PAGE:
If I didn't define myself for myself, I would be crunched into other people's fantasies for me and eaten alive.
A little black girl opens her eyes in 1930s Harlem. Around her, a heady swirl of passers-by, car horns, kerosene lamps, the stock market falling, fried bananas, tales of her parents' native Grenada. She trudges to public school along snowy sidewalks, and finds she is tongue-tied, legally blind, left behind by her older sisters. On she stumbles through teenage hardships -- suicide, abortion, hunger, a Christmas spent alone -- until she emerges into happiness: an oasis of friendship in Washington Heights, an affair in a dirty factory in Connecticut, and, finally, a journey down to the heat of Mexico, discovering sex, tenderness, and suppers of hot tamales and cold milk. This is Audre Lorde's story. It is a rapturous, life-affirming tale of independence, love, work, strength, sexuality and change, rich with poetry and fierce emotional power.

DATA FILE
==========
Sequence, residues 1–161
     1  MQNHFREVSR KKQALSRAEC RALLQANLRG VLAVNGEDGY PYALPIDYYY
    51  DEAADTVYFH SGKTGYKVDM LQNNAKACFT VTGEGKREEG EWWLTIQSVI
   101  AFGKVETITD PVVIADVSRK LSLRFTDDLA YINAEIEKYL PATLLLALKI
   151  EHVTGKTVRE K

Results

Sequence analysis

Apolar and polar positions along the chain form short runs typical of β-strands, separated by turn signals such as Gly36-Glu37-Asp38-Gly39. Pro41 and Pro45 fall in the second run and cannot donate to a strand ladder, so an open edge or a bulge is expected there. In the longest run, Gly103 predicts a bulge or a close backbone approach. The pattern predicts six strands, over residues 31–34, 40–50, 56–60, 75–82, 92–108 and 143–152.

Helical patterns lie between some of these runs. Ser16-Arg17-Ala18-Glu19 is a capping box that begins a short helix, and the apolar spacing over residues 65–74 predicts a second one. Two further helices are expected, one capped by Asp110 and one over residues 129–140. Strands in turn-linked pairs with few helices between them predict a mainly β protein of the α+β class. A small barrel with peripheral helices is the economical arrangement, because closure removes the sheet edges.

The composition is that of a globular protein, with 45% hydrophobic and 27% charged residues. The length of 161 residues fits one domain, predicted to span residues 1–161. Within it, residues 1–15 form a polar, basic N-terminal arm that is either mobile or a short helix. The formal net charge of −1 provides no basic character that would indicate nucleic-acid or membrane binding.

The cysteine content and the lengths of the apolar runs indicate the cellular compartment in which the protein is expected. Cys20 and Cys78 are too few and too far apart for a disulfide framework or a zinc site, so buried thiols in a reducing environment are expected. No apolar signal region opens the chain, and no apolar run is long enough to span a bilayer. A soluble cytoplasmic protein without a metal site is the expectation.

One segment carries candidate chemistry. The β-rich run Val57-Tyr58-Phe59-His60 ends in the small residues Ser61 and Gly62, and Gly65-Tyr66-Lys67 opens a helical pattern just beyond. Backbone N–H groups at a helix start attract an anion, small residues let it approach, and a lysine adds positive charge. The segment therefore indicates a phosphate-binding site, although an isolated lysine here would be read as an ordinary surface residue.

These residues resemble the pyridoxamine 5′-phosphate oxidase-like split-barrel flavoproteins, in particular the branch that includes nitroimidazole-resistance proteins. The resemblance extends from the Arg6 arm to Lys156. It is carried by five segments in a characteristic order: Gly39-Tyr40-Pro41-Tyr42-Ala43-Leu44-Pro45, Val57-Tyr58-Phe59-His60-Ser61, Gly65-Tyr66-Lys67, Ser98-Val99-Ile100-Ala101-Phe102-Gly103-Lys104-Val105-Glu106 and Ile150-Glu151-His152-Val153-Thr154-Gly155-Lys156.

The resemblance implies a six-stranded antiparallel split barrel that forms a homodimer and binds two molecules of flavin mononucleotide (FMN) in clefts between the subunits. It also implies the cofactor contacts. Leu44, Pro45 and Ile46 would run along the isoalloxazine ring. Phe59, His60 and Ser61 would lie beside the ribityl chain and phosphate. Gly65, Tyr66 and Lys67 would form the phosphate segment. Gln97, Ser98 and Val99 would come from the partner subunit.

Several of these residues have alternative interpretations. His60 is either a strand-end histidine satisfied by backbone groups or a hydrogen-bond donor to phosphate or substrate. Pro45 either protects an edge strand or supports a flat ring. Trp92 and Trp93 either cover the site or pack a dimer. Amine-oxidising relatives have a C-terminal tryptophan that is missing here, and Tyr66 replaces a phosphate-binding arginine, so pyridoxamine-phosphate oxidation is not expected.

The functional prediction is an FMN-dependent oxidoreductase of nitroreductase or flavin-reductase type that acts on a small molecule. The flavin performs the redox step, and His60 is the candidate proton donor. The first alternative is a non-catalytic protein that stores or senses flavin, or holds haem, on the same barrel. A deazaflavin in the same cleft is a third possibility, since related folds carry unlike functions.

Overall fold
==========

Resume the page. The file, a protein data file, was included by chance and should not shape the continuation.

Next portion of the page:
From the self-described 'black, lesbian, mother, warrior, poet', these soaring, urgent essays on the power of women, poetry and anger are filled with darkness and light.
Penguin Modern: fifty new books celebrating the pioneering spirit of the iconic Penguin Modern Classics series, with each one offering a concentrated hit of its contemporary, international flavour. Here are authors ranging from Kathy Acker to James Baldwin, Truman Capote to Stanislaw Lem and George Orwell to Shirley Jackson; essays radical and inspiring; poems moving and disturbing; stories surreal and fabulous; taking us from the deep South to modern Japan, New York's underground scene to the farthest reaches of outer space.
Audre Lorde was a writer, feminist and civil rights activist - or, as she famously put it, 'Black, lesbian, mother, warrior, poet'. Born in New York in 1934, she had her first poem published while she was still in high school. After stints as a factory worker, ghost writer, social worker, X-ray technician, medical clerk, and arts and crafts supervisor, she became a librarian in Manhattan and gradually rose to prominence as a poet, essayist and speaker, anthologised by Langston Hughes, lauded by Adrienne Rich, and befriended by James Baldwin. She was made Poet Laureate of New York State in 1991, when she was awarded the Walt Whitman prize; she was also awarded honorary doctorates from Hunter, Oberlin and Haverford colleges. She died of cancer in 1992, aged 58.